Whenever I set foot inside Kyoto, I find myself abandoning daily rituals and replacing them with traditions that capture the charm of traditional Japanese aesthetic. For example, I abandon my “ritual” of morning coffee for a more “centering” experience with a cup of loose-leaf sencha or a bowl of vigorously whisked matcha—a beverage that brings to mind intricate tea ceremonies with one sip.
Even the simple act of walking becomes an act of wonder, if not “walking meditation.” Each step brings me closer to uncovering the beauty of understated machiyas (traditional wooden townhouses), unsuspected miniature Shinto shrines (hokora) housing small Jizo statues, and an abundance of old residential buildings that have been converted into cafes and craft shops featuring an array of wabi-sabi-esque souvenirs. These very details that define the atmosphere of Japan’s ancient capital (formerly known as Heian-kyo from 794 to 1869) are what fill the wanderer with a newfound sense of mindfulness—a conscious awakening that one is trekking upon sacred land that has been harmoniously preserved in the present and across time.
But let’s rewind back to the beginning of my first solo trip to my favorite city that has sparked a love affair with its incredible Buddhist temples and Shinto shrines. Invited to participate in a tour of Sanzen-in Temple nestled in the rural town of Ohara, I caught the Tokaido Shinkansen from Tokyo Station and was soon Kyoto-bound. While scrolling through my playlist, I started listening to a gotochi song (“local” to a city or prefecture) titled “Onna Hitori” (「女ひとり」 which literally translates to “Woman Alone”). The melancholic lyrics describe a woman who, having grown tired of love, seeks refuge for her broken heart at three famous temples—the lyrics opening with the imagery of Ohara Sanzen-in Temple.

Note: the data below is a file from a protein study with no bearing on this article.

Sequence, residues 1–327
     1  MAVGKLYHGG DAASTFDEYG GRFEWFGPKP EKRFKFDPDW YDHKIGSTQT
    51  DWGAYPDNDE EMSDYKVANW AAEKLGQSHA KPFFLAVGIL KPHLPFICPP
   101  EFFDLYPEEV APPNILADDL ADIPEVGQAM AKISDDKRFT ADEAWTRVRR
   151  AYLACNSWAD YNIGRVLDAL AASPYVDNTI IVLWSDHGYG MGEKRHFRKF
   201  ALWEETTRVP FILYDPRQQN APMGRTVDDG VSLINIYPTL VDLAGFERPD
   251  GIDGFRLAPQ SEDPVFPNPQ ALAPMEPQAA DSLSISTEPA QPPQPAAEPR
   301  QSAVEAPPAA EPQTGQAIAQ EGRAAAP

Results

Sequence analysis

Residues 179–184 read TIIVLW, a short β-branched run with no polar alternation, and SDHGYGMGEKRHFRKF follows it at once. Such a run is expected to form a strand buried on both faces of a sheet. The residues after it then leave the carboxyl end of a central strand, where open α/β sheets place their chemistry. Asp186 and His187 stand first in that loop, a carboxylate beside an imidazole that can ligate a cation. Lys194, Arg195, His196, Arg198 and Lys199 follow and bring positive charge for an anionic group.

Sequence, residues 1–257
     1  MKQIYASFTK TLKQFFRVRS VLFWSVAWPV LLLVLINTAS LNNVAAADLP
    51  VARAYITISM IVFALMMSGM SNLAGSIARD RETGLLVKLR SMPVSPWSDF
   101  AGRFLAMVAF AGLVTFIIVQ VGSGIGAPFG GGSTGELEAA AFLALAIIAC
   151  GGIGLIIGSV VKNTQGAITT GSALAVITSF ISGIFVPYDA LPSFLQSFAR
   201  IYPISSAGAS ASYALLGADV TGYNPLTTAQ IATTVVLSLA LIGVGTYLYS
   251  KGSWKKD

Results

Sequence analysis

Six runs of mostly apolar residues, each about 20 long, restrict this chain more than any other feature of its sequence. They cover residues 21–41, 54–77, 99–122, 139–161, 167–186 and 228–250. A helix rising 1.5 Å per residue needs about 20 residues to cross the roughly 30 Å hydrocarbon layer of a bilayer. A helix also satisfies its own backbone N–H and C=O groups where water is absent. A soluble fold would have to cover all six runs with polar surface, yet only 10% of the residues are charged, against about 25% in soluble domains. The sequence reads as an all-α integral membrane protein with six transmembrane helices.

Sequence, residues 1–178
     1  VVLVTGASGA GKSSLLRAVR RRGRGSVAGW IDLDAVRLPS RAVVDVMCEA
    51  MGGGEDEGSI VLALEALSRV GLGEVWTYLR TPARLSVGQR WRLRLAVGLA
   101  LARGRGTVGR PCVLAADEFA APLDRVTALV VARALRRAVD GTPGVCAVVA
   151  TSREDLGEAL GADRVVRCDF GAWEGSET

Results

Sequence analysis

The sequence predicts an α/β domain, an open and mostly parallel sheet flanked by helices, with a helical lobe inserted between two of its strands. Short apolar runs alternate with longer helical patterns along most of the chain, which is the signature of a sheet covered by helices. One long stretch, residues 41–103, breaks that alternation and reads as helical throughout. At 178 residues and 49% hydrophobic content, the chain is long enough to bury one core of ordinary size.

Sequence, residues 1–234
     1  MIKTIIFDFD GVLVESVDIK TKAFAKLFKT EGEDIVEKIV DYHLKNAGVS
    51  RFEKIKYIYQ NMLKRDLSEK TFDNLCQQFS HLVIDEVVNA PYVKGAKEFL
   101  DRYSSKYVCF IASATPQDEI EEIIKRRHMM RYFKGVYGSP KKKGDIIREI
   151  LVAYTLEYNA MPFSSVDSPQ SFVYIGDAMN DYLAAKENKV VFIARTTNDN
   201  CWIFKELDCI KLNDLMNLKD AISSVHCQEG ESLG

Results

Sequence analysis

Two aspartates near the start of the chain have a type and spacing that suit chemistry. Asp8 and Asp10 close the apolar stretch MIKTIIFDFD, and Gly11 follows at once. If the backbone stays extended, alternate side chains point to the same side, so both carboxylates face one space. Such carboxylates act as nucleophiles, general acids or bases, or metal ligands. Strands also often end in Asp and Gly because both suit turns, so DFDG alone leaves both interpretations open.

After climbing the cobblestone steps and arriving at the gigantic wooden gates, I could grasp why the landscape of this famed temple could inspire a ballad of such dream-like serenity. While it’s a popular spot for fall foliage, the early spring scenery of plum blossoms flowering among bare tree branches was an alluring contrast—that limbo between winter and spring, if you will. A monk, who also served as our guide, escorted our tour group through the moss-covered garden inside the temple walls.
We first entered a tatami-floored room called “Gyokuza-no-ma” (gyokuza meaning “throne”). While upon first glance it appeared to be a typical Japanese-style room (washitsu), our guide directed our attention to an elevated “seat” that was facing a beautiful garden of mature cedar and maple trees in a blanket of luxuriant moss. Because Sanzen-in was once a monzeki temple—temples headed by priests reigning from the imperial family—this room previously served as the Emperor’s private sitting space overlooking the serene Yuseien Garden (Garden of Pure Presence).
Our guide revealed that the best way to enjoy a Japanese garden is from a single, seated perspective. However, he paradoxically added that a garden should not only be enjoyed with one’s eyes, but also form a lasting impression in one’s heart. The monk’s advice resonated with me throughout the trip. It was a powerful reminder of how the act of living in the now could be the very answer to the art of life—“Present moment, perfect moment” as one renowned Zen master poetically puts (Thich Nhat Hanh).